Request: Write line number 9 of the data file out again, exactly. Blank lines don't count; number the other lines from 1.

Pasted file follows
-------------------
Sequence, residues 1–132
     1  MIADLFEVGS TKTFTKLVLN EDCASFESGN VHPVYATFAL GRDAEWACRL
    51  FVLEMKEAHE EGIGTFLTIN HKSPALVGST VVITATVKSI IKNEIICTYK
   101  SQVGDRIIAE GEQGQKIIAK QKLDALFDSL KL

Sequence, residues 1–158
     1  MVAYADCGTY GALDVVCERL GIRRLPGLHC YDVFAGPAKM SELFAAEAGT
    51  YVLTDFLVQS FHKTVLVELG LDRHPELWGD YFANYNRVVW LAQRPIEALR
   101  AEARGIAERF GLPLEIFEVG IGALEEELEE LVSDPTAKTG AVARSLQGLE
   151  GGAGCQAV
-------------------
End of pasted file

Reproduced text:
   151  GGAGCQAV